Overview of Field

A dentist is a health care professional who specializes in dentistry, the branch of medicine focused on the mouth. In the US, dentists hold a DMD or DDS degree that are completely equivalent.

Usual dental treatments include, but are not limited to:

  • Examinations, taking radiographs (x-rays) and diagnosis
  • Restorative procedures (dental restorations/fillings, crowns)
  • Prosthodontic procedures (removable complete or partial dentures, crown/bridge, dental implants)
  • Endodontic (root canal) therapy
  • Periodontal (gum) therapy
  • Oral surgery (extraction of teeth)

 Dentists can also prescribe medications such as antibiotics, fluorides, pain killers, local anesthetics, sedatives/hypnotics and any other medications that serve in the treatment of the various conditions that arise in the head and neck.

All DDS and DMD degree holders are legally qualified to perform a number of more complex procedures as well.

Career Exploration

Most dentists are general practitioners and handle a variety of dental needs. Other dentists practice in a specialty area that require postdoctoral training, such as dental anesthesiologists, dental public health specialists, Endodontists, oral and maxillofacial radiologists, oral and maxillofacial surgeons, oral pathologists, orthodontists, pediatric dentists, or periodontists. In addition to owning or co-owning their own practice, Dentists can be associated with hospitals, corporate health clinics, conducting research, or teaching, including supervising students in dental school clinics. Students interested in the field are heavily encouraged to job shadow/observe a general dentist; many programs have this as a requirement to apply.

Apply to Dentistry

The application timelines for dental schools vary, but application is typically made in May through December of the junior year and decisions are made in the late fall or early spring semesters of the senior year. Many schools use the centralized application service, ADEA Associated American Dental Schools Application Service (AADSAS) and others do not.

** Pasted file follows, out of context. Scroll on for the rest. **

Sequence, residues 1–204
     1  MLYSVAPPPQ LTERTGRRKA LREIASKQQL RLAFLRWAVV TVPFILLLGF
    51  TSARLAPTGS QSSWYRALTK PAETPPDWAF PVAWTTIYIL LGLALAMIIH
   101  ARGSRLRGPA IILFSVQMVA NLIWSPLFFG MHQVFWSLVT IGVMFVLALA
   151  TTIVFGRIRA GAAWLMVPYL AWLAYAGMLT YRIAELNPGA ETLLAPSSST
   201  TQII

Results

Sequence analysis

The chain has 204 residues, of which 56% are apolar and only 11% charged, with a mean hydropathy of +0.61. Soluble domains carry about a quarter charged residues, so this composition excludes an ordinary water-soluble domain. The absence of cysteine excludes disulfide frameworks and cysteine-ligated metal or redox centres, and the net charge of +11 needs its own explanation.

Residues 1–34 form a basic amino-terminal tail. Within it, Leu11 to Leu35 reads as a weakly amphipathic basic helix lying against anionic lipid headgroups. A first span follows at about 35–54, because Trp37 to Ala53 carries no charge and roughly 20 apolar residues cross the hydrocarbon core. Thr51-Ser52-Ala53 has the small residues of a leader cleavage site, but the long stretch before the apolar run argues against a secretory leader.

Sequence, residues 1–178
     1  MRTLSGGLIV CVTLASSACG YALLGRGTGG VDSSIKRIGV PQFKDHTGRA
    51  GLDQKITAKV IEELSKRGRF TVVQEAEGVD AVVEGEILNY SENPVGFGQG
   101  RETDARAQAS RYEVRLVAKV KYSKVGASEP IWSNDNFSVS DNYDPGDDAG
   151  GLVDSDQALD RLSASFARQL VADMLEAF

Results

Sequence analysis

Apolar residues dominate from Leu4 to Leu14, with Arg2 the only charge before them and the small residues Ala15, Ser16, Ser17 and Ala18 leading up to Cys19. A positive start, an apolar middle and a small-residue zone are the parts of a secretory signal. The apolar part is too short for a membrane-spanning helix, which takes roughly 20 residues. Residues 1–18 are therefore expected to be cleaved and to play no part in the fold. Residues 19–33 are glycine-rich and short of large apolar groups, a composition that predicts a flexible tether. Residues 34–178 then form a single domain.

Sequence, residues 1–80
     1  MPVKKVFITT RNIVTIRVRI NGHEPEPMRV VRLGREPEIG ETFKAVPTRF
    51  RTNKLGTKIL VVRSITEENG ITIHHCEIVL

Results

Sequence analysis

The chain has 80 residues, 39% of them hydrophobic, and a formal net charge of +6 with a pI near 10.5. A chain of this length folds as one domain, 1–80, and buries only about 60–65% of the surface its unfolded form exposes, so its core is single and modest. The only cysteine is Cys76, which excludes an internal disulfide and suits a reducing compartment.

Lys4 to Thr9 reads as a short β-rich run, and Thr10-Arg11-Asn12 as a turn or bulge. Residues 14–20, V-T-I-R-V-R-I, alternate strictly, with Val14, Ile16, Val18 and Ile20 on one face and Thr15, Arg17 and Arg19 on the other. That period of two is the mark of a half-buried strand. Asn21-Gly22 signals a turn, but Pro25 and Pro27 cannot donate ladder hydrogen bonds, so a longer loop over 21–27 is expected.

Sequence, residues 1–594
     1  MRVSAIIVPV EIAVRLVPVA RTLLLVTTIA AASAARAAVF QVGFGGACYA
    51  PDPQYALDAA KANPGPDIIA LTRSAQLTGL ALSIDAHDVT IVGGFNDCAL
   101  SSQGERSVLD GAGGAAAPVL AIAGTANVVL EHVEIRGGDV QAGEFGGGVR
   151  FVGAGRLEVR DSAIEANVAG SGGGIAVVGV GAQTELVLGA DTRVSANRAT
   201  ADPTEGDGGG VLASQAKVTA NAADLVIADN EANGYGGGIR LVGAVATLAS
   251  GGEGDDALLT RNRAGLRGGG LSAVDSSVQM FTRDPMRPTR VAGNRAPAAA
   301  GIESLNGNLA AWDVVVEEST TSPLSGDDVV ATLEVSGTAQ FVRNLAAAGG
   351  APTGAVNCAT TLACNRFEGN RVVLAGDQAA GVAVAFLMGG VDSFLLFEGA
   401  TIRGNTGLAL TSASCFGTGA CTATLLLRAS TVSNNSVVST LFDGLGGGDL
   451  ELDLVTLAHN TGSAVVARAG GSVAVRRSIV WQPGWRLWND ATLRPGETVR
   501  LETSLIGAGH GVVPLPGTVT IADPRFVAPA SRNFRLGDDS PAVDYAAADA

Applicants to dental schools usually take the Dental Admission Test (DAT). Dental schools use this test along with other factors, such as grade point average, interviews, and recommendations, to admit students into their programs.

Pre-requisite Completion

The University of Louisville wants to support you with your career goals! Many of your required pre-requisites for your pre-health path can be completed right here at UofL in conjunction with your current academic program plan. Meet with your academic advisor for more information. In addition, consult the specific program you are applying to for pre-requisite requirements.

Most dental programs require that applicants have at least 90 semester hours, though many of students complete a bachelor’s degree. Most programs require that students complete certain science courses, such as biology, chemistry, or physics. Prerequisites can be earned at any accredited college.

Although no specific undergraduate major is usually required, programs may prefer applicants who have a bachelor's degree in a science, such as biology or chemistry. Check with the program in which you are interested to learn more about its specific academic requirements, course curriculum, and admission deadlines.

Entrance Exam

Suggested test preparation resources: UofL’s REACH center has partnered with The Princeton Review® to offer UofL students FREE DAT practice tests and test prep seminars as well as exclusive discounts on test prep materials and courses through The Princeton Review®.

For more information:

Getting Involved

UofL Student Involvement Recognized Student Organizations (RSO’s):

These student organizations are active as of Fall 2023. You can find all active student organizations by visiting engage.

National Organizations & Resources